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Two New Ways to Shop for Healthier Food
How Smart Choices and NuVal Wanted to Change Your Shopping Habits

To make their products appear good for you, several companies have started putting "healthy seals" on some of their food packaging. In my previous article (Click Here to read it,) I talked about three of those programs (now discontinued) and pointed out that they suffer from two significant flaws.
  1. They're all company-specific. Each seal can only appear on the products of the company that designed the program.

  2. There's no way to compare one program against another because they use different criteria to judge.
In response to that very issue, Pepsi, Kraft, Kellogg and a dozen other companies banded together and decided to fix the problem. They created yet another seal.

Smart Choices Logo The Smart Choices Program was created as a "single, trusted and reliable front-of-pack nutrition labeling program that food manufacturers and retailers could voluntarily adopt to help consumers identify smarter food and beverage choices within product categories that fit within their daily calorie needs."

Launched h in the summer of 2009, the Smart Choices seal is backed by industry heavyweights including Coca-Cola, ConAgra Foods, General Mills, Kellogg, Kraft, Nestle, PepsiCo, Unilever and Wal-Mart.

(Within a year, the Smart Choices Program was shut down after the Food and Drug Administration objected that is could mislead consumers about the health benefits of certain foods. As of December, 2020, there is still no replacement.)

Here's where the problem lies. Smart Choices, like so many programs before it, is designed to compare products that are similar. In this case, they divide foods into 19 categories. The problem is in the categories they set up and here's why.

One of the categories is snack foods and sweets. If you're a food company and your snack food (let's say potato chips) meets the criteria: you can put the Smart Choices seal on your bag of chips.

When a grocery shopper wanders down the potato chip aisle, they see the Smart Choices seal on a bag of potato chips. They may have also seen the same seal on a bag of frozen vegetables, fresh fruit or lean meat. The typical grocery shopper is NOT going to think, "Well, those are different product categories." They ARE going to think, "Wow! I can eat vegetables or potato chips and they're both smart choices!" It's a sneaky way to make people feel better about buying junk food.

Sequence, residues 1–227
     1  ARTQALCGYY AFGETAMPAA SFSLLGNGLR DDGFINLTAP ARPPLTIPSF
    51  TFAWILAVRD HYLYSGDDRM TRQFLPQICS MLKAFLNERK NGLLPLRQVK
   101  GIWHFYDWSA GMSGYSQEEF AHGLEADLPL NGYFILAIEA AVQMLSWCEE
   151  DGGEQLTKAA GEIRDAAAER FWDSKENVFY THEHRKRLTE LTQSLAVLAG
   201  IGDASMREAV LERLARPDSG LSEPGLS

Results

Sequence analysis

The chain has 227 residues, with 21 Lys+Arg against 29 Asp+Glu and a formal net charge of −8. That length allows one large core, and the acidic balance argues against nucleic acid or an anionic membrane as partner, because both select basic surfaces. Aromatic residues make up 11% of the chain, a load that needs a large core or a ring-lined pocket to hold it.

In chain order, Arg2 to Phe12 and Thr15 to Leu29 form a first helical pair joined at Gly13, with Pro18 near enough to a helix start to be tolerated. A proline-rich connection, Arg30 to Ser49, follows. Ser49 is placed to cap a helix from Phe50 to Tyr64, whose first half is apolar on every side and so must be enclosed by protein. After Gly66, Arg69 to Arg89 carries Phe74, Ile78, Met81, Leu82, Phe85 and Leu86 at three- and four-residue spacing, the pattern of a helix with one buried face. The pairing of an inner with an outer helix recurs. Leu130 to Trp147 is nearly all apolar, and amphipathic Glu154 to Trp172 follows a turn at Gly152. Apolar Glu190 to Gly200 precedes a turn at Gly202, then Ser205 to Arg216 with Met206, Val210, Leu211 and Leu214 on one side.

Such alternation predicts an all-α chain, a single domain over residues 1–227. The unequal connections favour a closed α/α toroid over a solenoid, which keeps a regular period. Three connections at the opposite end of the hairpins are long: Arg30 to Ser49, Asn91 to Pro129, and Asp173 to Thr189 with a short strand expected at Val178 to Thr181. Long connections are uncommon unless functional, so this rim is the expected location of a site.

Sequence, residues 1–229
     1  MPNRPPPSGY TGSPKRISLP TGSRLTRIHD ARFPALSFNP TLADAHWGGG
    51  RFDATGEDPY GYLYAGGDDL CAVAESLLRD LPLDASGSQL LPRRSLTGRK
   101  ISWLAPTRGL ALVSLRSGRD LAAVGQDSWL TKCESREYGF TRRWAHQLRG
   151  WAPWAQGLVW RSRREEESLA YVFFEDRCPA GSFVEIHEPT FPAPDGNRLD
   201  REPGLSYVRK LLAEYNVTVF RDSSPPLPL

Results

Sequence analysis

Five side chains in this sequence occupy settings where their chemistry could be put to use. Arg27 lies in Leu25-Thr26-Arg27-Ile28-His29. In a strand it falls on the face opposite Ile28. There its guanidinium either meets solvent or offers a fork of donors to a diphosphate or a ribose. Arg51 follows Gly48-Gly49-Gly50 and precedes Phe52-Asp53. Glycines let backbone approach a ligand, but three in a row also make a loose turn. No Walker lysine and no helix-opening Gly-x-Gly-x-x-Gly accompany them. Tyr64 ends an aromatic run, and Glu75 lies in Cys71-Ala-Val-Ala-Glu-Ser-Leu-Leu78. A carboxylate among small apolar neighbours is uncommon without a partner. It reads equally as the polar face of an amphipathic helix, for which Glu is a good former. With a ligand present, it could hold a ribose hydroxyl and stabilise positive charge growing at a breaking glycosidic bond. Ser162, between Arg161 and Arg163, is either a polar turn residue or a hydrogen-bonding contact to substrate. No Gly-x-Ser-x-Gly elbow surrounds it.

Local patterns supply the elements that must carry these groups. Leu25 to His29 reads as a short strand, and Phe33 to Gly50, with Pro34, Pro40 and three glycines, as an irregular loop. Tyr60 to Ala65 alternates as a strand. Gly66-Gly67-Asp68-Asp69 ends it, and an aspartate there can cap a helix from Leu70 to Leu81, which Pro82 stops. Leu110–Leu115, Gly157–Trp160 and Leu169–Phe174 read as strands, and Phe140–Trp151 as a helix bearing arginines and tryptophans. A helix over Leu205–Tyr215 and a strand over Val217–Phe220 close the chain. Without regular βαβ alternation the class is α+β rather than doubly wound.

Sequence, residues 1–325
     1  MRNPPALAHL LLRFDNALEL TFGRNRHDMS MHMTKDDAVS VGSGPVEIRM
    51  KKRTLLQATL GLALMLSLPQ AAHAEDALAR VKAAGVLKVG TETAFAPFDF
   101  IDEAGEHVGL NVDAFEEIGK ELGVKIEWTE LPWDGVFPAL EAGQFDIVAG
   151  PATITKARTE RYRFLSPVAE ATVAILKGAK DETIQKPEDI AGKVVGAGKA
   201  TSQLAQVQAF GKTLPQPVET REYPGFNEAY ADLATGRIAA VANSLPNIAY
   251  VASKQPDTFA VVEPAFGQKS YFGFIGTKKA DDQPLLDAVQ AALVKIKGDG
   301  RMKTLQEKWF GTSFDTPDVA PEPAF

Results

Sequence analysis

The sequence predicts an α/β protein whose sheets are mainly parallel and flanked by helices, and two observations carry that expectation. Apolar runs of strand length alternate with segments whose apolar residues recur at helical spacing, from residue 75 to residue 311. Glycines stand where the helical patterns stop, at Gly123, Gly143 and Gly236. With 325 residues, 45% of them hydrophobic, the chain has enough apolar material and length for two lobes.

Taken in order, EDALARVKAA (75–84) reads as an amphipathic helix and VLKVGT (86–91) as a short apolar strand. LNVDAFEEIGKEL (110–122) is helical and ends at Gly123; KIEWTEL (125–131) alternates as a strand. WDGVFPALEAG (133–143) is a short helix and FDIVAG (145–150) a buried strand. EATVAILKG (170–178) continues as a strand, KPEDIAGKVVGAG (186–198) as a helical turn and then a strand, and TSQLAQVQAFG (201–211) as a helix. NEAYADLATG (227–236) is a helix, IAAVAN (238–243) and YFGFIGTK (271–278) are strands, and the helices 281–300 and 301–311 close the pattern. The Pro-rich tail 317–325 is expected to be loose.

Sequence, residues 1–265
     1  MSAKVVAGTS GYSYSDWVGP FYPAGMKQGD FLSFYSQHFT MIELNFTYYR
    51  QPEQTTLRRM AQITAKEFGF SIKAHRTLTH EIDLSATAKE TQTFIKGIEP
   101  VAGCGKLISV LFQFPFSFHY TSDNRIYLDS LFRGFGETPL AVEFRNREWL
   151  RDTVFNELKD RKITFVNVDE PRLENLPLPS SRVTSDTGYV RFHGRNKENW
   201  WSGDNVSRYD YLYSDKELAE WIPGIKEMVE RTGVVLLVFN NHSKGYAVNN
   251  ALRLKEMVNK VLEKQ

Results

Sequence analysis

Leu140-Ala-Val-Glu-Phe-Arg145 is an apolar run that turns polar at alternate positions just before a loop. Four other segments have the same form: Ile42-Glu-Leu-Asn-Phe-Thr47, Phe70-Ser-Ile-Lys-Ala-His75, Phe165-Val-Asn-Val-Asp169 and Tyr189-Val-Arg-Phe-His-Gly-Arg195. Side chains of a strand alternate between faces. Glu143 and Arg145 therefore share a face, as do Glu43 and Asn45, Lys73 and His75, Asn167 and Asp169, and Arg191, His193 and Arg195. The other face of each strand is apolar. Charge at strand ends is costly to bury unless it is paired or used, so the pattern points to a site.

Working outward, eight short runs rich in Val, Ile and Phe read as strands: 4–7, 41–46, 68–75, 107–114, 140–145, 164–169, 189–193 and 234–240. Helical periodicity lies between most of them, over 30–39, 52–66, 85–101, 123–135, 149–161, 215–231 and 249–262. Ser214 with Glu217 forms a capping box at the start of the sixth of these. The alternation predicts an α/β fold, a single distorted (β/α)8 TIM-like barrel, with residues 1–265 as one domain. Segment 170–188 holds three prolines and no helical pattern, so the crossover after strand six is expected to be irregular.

NuVal Logo The NuVal Nutritional Scoring System was completely different. NuVal worked by giving all food a score from 1 to 100. The higher the NuVal number, the higher the nutritional value of the food.

What made NuVal so powerful is that the EXACT SAME nutritional criteria was applied to ALL foods. When you go look through desserts, you're not just comparing your choice against other desserts. With NuVal, you're comparing that dessert against everything else in the supermarket.

Here's how it worked. The NuVal Nutritional Scoring System summarizes the overall nutritional value of food by giving points for beneficial nutrients and subtracting points for negative ones. The quality of nutrients is also evaluated, giving healthy fats a higher score and trans fats a much lower one. Even the way foods influence health long-term is taken into consideration. The end result is arrived at by running everything through the ONQI (Overall Nutritional Quality Index) algorithm.

With a simple number from 1 to 100, it was easy to spot healthy foods no matter where you were in the grocery store.

If you walk down the snack and granola bar aisle with the NuVal information, you would quickly notice that the average bar has a score of about 14. They're obviously not very nutritious items. Looking through all the labels, you notice that even the highest-rated bar, in this case, Glutino Gluten Free Breakfast Bars - Blueberry, only has a score of 40.

Even more enlightening, national brands that sound healthy are in fact, virtual nutritional desserts. The Nature Valley Granola Bars - Sweet & Salty Nut Cashew score a rating of 5 and the Kellogg's Special K Cereal Bars - Vanilla Crisp are a pathetic 2.

When you've got a food that scores 2 out of a possible 100, why would you buy it? NuVal makes choosing healthy food as simple as searching for the highest numbers. You can still choose the healthier chips by comparing their scores, but you won't be misled into believing potato chips are a healthy choice.

So what happened to Nuval? The original concept is gone. That simple scoring from 1-100 has been replaced with a label that Nuval says, “guide consumers to foods and beverages with specific properties (such as Gluten Free, Organic, and Low Sodium) that can help them live a healthier lifestyle.”

The idea was killed because food companies don’t want you to know the truth about the food you’re eating. Making comparisons that are easy to understand is so threatening to food companies bottom line, they would do almost anything to stop it.

Still, the most powerful tool you have at your disposal is the Nutritional Information on the side of every box. To help you use it more effectively, CLICK HERE and learn how to read the label in less than 10 seconds!

UPDATE 7/26/2017

Learn what happened to NuVal here.

Call for a FREE Consultation (305) 296-3434
CAUTION: Check with your doctor before
beginning any diet or exercise program.

Updated 7/26/2017
Updated 12/25/2020